Il Museo

Il Museo è collocato in un suggestivo palazzo storico del 1600, completamente restaurato, posto tra Bologna e Pistoia, immerso nel verde. Questa struttura, oltre ad una ricca collezione permanente, offre una serie di eventi culturali e mostre che saranno organizzate all’interno del Museo, ma anche in altre sedi.
Ogni visita sarà una vera sorpresa, anche perché è personalizzata. Infatti Morena ed Ernesto Vi accompagneranno all’interno di questa foresta di simboli, tutta da scoprire… e per questo motivo ricordate che occorre la prenotazione.

The Museum is set in an enchanting historical building of 1600, completely restored, situated between Bologna and Pistoia, among the woods.
This building, apart from being a rich permanent collection, offers a series of cultural events and exhibitions which will be organized not only inside the Museum, but also in the other centres.
Each visit will be a real surprise, also because it is personalized. In fact, Morena and Ernesto will accompany you inside this forest of symbols, all to discover….and for this reason please remember that reservation is needed.
Looking forward to seeing you!!!!!

martedì 30 giugno 2015

Elisabeth Cherry Owen

XX Judgment
Judgment is a rather puzzling card; often it is necessary to transcend the obvious Rider-Waite-Smith traditional “second coming” ideas, to realize it is a card of thresholds and possibilities. The moment depicted here presents a time for personal review and an opportunity for change or movement in a new direction.
In 1912 a mysterious red haired man named simply Mr. Pilgrim and his companion, Lady Quartermaine, arrived at the Burgholzli Psychiatric Clinic in Zurich. After numerous suicide attempts, Mr. Pilgrim has arrived to be treated by Carl Jung. The story of the main character is told through direct narrative, flashbacks and journal entries; he claims to be immortal and without a specific gender. He has been a disabled shepherd who encountered the levitating St. Teresa of Avila in a tree, a stained glass artist at Chartres, the model for the Mona Lisa, and a resident of the famous Cheyne Walk in Edwardian London. Pilgrim is unspeakably weary and wants to die. Immortality was his punishment for observing the gods mating in the Tree of Life in the Garden. Finally, there is a sign it may be his time to go and he escapes Jung’s clinic. He leaves the doctor a note, which contains the central core of what he has learned on earth:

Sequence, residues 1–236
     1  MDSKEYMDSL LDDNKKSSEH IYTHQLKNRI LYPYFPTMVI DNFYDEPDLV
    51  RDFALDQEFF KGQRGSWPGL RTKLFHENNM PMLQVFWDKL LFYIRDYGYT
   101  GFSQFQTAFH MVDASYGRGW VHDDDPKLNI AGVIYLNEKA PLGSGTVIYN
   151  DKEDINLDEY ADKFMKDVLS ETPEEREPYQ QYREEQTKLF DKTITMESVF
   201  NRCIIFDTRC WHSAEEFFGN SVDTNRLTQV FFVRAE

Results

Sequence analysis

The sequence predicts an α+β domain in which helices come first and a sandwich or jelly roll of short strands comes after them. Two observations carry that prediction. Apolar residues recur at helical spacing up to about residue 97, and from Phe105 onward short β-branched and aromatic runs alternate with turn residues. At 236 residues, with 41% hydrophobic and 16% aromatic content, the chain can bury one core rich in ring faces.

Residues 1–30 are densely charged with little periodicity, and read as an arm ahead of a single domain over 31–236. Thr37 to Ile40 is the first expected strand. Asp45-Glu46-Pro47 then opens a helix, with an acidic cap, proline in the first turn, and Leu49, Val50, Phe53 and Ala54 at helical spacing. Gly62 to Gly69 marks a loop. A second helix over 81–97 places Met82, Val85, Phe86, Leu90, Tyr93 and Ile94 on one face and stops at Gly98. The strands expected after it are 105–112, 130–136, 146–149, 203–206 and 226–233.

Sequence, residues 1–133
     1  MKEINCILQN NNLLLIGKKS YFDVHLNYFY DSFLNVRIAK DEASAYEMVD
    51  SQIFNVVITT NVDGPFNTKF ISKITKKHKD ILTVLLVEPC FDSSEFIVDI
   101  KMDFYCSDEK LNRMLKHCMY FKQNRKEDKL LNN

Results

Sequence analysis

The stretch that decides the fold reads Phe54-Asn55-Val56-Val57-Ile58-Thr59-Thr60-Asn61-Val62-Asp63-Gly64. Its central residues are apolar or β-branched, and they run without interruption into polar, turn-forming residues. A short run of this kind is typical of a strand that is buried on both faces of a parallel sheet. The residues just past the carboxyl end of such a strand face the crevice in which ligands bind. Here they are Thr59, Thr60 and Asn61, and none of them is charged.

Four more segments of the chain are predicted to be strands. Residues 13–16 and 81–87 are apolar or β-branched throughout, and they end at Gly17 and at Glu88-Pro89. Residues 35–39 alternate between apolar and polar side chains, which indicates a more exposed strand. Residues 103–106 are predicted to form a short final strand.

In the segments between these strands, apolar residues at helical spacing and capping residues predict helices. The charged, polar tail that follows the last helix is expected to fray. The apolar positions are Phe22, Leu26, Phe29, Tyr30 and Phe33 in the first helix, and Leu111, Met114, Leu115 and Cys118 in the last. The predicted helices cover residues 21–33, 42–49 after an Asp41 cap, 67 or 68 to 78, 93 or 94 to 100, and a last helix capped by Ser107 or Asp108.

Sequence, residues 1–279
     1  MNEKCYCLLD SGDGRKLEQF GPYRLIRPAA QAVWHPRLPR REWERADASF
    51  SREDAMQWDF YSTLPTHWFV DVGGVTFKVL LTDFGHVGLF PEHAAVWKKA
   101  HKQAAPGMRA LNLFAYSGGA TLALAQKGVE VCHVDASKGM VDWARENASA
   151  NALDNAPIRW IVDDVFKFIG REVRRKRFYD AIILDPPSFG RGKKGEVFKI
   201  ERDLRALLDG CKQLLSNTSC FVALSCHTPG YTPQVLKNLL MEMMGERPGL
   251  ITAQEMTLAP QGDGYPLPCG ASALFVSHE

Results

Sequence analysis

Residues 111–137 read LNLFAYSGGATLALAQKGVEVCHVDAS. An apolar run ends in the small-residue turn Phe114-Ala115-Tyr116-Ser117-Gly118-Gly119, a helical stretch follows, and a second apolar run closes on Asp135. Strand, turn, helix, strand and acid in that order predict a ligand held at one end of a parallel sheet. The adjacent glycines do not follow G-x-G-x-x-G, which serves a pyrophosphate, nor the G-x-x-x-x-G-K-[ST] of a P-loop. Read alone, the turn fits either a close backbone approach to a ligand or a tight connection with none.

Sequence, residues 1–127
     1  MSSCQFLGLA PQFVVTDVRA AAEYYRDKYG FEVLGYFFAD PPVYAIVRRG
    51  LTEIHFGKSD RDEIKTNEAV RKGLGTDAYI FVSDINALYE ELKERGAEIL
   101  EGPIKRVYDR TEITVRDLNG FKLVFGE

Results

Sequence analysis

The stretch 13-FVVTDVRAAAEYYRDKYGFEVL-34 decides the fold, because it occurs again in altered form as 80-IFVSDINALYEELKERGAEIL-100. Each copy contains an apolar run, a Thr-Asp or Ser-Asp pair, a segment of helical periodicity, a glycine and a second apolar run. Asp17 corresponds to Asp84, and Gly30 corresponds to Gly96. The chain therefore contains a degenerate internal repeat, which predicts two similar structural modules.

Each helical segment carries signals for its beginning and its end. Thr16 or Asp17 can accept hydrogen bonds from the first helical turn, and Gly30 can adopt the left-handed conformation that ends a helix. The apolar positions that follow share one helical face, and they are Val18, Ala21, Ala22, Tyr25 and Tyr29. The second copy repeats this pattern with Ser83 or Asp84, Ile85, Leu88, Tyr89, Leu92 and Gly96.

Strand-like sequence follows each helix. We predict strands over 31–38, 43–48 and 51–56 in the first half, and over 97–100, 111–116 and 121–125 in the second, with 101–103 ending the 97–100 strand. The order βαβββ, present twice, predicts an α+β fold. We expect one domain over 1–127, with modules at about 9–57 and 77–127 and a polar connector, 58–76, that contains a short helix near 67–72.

“My dear Herr Doktor Blockhead, …The so-called Mysteries have been with us forever. There is not a society on the face of the earth nor of time that does not and did not have its own version of what these Mysteries reveal of the Great Spirit, God, the gods and their relationship to our lives – and our lives to theirs. Sun-dancing, circumcision, birth itself, animal and human sacrifice, virginity, Ra, Raven, Tarot, Voodoo, I Ching, Zen, totems personal and tribal, the cult of Mary and the cult of Satan – the list is endless. In modern times, we call such Mysteries art. Our greatest shamans of the moment are Rodin, Stravinsky (much as I hate his music) and Mann. And what else are they telling us but: go back and look again. In time, these shamans will be replaced by others – but all speaking in a single voice. It was ever thus. But no one listens.”
Through his encounter with Pilgrim, Jung – his imagination freed – comes to believe in his own theory of the Collective Unconscious. Pilgrim after liberating the Mona Lisa from the Louvre and setting fire to the Chartres, takes his leave of this earth and is presumably successful.

Bio (CV)
While Southern bred-in-the-bone, Elizabeth took a leap of faith in 2003 and moved from Louisiana to coastal Maine, which she believes to be her soul landscape. She lives in the woods with three cats and various wild creatures; just this summer was graced with the gift of having a moose calmly traverse her yard. She has made collage-like art quilts for nearly 25 years with embedded biographical references. Her work has been shown both in the United States and Europe. Accidentally veering into mixed media has caused greater distraction and more accumulation of ephemera (i.e.-stuff and clutter).